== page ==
When considered in this way, the contrast between the Third Noble Truth and the Third Freedom is stark. While the Buddha advised extinguishing the desire that motivates want, thereby ending suffering and, in some versions, the need for rebirth, Roosevelt and his successors could be under- stood as suggesting that the way to end suffering and bring “trUe peace” is to satisfy every want right here on earth. Don’t starve it; feed it, so to speak.

This reading is made possible by the double negative created by definition (3). “Freedom from want” in this sense can be distilled to the absence of a lack. Only on rare occasions do double negatives not have the effect of rendering less clear that which is already unclear. For example, “freedom of speech” could have been written as “the right to the absence of limitations on speech,” but it wasn’t. The phrase is clouded by the paired negatives. In Algebra I, we learn that two negatives cancel out, leaving a simple positive statement. Mathematically, then, a fair reduction of “the absence of lack- ing anything that is desired” would be “having everything that is desired.”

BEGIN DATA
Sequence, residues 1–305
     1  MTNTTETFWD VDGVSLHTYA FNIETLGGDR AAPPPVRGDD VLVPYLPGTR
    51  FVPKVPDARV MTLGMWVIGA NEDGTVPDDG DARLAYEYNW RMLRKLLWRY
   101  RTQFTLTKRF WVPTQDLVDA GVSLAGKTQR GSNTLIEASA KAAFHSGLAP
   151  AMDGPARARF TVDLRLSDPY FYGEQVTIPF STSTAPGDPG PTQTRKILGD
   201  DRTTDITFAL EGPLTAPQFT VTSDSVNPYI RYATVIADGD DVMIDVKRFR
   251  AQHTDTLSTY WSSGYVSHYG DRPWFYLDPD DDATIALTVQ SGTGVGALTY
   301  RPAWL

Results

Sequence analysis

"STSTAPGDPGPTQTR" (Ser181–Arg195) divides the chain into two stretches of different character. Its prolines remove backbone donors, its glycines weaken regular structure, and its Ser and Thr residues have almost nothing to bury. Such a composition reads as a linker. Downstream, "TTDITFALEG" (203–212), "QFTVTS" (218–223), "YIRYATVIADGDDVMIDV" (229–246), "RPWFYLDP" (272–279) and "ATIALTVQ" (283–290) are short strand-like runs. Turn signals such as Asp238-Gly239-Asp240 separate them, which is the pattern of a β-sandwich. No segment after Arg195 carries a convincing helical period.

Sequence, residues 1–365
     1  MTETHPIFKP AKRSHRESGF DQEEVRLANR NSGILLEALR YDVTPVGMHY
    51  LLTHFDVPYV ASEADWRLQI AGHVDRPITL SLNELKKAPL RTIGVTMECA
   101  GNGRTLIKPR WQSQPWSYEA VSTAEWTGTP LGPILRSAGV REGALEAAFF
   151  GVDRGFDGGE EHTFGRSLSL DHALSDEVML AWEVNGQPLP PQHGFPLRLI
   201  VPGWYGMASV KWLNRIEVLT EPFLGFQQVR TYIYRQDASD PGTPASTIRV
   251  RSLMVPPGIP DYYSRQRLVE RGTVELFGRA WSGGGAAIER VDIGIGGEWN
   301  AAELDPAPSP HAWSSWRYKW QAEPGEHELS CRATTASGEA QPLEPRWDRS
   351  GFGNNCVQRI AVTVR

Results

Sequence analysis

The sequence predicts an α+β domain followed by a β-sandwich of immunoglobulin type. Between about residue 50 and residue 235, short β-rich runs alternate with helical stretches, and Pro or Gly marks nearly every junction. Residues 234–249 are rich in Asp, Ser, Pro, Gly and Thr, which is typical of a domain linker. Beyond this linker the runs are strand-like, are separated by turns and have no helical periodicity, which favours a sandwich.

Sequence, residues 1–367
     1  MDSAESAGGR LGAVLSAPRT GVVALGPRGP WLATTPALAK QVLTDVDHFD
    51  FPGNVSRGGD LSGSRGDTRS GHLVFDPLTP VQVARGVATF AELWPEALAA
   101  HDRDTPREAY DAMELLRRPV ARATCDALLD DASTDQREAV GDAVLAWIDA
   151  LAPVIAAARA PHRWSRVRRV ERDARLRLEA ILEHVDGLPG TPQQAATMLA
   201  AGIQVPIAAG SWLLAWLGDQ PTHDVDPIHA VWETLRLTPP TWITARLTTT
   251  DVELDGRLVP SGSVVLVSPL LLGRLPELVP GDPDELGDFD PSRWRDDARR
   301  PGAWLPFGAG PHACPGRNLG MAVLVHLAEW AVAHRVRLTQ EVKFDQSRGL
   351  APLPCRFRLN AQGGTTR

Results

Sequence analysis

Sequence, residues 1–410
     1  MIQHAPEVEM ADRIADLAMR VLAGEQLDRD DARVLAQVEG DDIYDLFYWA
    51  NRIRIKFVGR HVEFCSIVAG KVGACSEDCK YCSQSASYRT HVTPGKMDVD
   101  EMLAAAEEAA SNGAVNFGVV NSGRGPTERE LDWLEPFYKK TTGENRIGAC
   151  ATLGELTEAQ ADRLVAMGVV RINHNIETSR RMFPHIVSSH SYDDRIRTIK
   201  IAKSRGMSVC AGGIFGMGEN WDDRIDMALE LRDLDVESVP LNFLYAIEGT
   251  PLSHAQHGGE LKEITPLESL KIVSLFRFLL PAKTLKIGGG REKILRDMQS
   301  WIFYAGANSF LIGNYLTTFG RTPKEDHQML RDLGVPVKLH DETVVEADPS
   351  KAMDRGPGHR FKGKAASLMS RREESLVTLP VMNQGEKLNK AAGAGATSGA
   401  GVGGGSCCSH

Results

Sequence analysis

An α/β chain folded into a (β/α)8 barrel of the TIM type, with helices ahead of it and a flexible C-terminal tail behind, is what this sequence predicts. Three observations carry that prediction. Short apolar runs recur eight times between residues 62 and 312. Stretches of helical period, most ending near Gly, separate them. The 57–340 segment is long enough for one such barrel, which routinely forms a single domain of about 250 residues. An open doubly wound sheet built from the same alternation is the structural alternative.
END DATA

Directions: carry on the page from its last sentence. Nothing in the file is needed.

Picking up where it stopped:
While it would be wrong to hold a politician responsible for bizarre interpretations that others assign to his words, and while the ambiguity of “want” cannot be said to be entirely the fault of the speaker, it can, nonetheless, serve as a rhetorical device that musters needed votes from needy voters who, like all the rest of us, must engage in the exercise of trying to match up what is said with what is done.